I know that when I have a ECDSA keypair and use it twice with the same $k$ to sign different messages then the private key can be recovered.

If I now have multiple ECDSA keypairs and sign a message with each, and use the same $k$ in each signature, is this still secure?

Note: The signed messages may be identical.

I personally see no problem with it and the math seems to support that in my opinion, but better safe then sorry. This is why I'm asking the question.


1 Answer 1


For ECDSA the per-message secret $k$ should be generated randomly. In particular you have to ensure that the per-message secrets never repeat, or else the private key $d$ can be recovered. First, let's have a look at an example where the same per-message secret $k$ and the same private key $d$ was used to generate ECDSA signatures $(r, s_1)$ and $(r, s_2)$ on two messages $m_1$ and $m_2$. Then $s_1 \equiv k^{-1}(e_1+dr)$ (mod n) and $s_2 \equiv k^{-1}(e_2+dr)$ (mod n), where $e_1 = H(m_1)$ and $e_2 = H(m_2)$. Then $ks_1 \equiv e_1 + dr$ (mod n) and $ks_2 \equiv e_2 +dr$ (mod n). Subtraction gives $k(s_1-s_2) \equiv e_1 - e_2$ (mod n). If $s_1 \not\equiv s_2$ (mod n), which occurs with overwhelming probability, then

\begin{equation} k \equiv (s_1 - s_2)^{-1}(e_1 - e_2)\mod{n}. \end{equation}

From this an adversary can determine $k$, and then use $d=r^{-1}(ks-e)\mod n$ to recover the private key $d$. This implementation failure was used, for example, to extract the signing key used for the PlayStation 3 gaming console or in 2013 to rip users of Android Bitcoin Wallet off their funds.

Now let's have a look at a second example, where the same per-message secret $k$, but different private keys $d_1$ and $d_2$ $(d_1 \neq d_2)$ are used to generate different signatures. In this case the subtraction step from before would lead to $k(s_1-s_2) \equiv e_1-e_2+r(d_1-d_2) \mod n$. From this you are not able to recover the private keys $d_1$ and $d_2$ used to generate the signatures $s_1$ and $s_2$ unless you can efficiently solve the $ECDLP$ (assuming an adequate elliptic curve group was chosen). If you signed the same message, i.e. $m_1=m_2$, then $e_1-e_2$ would cancel out, but this doesn't give the attacker any more advantage as $e_1$ and $e_2$ are supposed to be known anyway.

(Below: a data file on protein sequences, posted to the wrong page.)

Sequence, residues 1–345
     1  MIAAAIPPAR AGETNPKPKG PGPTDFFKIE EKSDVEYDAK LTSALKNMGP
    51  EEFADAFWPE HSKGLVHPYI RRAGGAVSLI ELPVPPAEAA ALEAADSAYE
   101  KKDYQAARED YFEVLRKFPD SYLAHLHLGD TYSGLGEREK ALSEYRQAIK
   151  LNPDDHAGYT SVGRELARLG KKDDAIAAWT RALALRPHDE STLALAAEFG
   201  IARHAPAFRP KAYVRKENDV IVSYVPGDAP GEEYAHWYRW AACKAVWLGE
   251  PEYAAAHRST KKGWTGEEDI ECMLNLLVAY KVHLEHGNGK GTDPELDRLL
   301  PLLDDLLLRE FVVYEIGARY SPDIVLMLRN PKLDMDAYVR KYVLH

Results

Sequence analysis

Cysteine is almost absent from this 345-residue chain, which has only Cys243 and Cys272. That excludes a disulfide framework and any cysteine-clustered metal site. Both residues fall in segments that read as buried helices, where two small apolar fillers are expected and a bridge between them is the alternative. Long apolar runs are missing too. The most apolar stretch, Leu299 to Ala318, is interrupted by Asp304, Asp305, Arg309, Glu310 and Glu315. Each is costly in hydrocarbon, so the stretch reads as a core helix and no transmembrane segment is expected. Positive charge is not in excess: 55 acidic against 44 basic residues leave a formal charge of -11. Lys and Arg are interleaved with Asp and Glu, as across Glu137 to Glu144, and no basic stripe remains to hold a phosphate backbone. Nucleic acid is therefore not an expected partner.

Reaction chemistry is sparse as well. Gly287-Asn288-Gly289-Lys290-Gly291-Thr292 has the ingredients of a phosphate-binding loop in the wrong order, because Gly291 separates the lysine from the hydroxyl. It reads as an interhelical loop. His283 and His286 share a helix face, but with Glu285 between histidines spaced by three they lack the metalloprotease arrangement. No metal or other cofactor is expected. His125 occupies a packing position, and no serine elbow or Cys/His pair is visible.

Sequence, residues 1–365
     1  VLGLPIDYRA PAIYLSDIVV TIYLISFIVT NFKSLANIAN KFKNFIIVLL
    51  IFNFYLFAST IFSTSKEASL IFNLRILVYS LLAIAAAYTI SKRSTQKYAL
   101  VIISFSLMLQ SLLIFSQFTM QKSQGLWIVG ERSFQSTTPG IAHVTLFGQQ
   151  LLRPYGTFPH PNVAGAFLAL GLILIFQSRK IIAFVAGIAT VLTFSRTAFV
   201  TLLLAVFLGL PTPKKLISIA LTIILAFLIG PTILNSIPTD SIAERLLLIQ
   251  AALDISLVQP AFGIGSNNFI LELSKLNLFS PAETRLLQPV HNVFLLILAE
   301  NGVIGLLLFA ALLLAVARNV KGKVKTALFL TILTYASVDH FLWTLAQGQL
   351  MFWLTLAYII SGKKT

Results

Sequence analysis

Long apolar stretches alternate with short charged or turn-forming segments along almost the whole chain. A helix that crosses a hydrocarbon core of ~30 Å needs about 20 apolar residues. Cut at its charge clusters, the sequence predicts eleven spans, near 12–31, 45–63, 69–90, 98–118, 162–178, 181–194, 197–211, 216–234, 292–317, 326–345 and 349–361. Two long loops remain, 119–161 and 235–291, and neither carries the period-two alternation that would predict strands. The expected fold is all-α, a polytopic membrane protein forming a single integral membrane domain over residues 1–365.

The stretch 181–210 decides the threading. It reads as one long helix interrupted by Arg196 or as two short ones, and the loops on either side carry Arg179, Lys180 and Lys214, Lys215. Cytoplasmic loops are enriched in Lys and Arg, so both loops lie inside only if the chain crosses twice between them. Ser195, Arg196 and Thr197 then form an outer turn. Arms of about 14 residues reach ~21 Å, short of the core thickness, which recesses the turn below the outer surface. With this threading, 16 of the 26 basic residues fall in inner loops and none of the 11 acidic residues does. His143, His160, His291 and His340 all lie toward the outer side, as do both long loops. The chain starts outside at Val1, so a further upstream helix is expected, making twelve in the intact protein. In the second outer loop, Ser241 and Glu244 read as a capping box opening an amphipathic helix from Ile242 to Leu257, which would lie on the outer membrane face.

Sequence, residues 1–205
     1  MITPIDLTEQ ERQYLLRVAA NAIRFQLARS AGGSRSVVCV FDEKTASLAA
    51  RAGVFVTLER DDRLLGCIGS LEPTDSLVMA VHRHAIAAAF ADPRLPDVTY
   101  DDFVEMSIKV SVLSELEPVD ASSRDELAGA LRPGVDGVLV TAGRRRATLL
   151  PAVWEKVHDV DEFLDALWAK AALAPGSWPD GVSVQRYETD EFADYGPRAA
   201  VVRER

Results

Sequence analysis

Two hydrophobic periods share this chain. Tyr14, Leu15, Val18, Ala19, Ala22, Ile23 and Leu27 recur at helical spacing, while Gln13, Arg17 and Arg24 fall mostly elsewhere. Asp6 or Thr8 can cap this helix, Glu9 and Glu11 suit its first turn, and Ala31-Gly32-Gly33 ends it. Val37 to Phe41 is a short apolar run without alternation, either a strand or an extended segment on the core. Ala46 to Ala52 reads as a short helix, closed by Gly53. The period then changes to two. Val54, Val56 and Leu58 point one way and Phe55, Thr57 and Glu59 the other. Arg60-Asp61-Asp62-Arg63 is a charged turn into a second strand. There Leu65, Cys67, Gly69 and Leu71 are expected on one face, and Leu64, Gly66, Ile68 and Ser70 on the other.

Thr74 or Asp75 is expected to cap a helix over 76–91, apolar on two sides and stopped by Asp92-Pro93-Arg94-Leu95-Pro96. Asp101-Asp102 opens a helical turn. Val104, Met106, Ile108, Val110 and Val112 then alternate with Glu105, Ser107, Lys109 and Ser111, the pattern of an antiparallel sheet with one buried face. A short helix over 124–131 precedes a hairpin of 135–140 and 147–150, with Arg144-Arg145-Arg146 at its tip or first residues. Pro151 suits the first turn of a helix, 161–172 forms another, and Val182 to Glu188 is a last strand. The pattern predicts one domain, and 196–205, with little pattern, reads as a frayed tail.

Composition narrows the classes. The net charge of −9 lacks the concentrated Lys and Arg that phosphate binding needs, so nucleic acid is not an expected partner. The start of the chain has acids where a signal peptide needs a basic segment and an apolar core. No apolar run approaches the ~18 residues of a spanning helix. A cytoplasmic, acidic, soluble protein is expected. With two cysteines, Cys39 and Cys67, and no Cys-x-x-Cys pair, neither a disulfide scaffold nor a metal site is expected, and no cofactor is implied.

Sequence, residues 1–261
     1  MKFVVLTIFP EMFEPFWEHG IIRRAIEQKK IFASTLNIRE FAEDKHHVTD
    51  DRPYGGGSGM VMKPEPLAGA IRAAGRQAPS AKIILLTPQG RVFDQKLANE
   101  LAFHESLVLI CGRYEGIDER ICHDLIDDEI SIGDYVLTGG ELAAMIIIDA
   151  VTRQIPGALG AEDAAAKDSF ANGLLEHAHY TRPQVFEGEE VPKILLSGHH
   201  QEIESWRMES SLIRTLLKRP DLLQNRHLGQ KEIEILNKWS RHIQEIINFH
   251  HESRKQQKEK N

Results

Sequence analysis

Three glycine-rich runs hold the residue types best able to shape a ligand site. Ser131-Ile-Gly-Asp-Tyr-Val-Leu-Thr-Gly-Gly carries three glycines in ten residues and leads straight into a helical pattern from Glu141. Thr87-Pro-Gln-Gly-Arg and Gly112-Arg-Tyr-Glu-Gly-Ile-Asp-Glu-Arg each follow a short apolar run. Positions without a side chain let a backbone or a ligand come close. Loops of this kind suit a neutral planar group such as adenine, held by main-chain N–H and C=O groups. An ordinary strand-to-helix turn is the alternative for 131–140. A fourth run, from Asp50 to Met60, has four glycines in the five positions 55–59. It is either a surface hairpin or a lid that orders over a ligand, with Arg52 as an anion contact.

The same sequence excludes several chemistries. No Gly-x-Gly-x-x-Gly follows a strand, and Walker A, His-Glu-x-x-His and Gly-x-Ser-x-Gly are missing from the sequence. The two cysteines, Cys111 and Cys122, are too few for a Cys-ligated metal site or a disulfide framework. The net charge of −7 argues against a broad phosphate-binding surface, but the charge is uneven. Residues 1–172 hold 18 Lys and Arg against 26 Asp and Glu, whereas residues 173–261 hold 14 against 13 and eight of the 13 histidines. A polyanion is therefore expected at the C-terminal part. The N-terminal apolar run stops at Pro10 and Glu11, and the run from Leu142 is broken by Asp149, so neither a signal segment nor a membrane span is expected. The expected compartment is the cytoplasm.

But be aware that as soon as you’d use the same private-key / message-secret pair to sign another message, this would lead us back to the scenario depicted in the first example. This means that you’d have to be 100 % sure that you only need to sign one single message using the same $k$/$d$-pair. In practice however, you normally don't create a new ECDSA key-pair for every new data you need to sign, as

  • for every new key-pair you create the verifying party will need to learn the new corresponding public key
  • you need to keep track of which key to use for every piece of data you signed if you are both the verifying and signing party
  • using some crypto APIs you sometimes cannot control the per-message secret but only the private key and the signing function will create its own per-message secret making use of the underlying CSRNG

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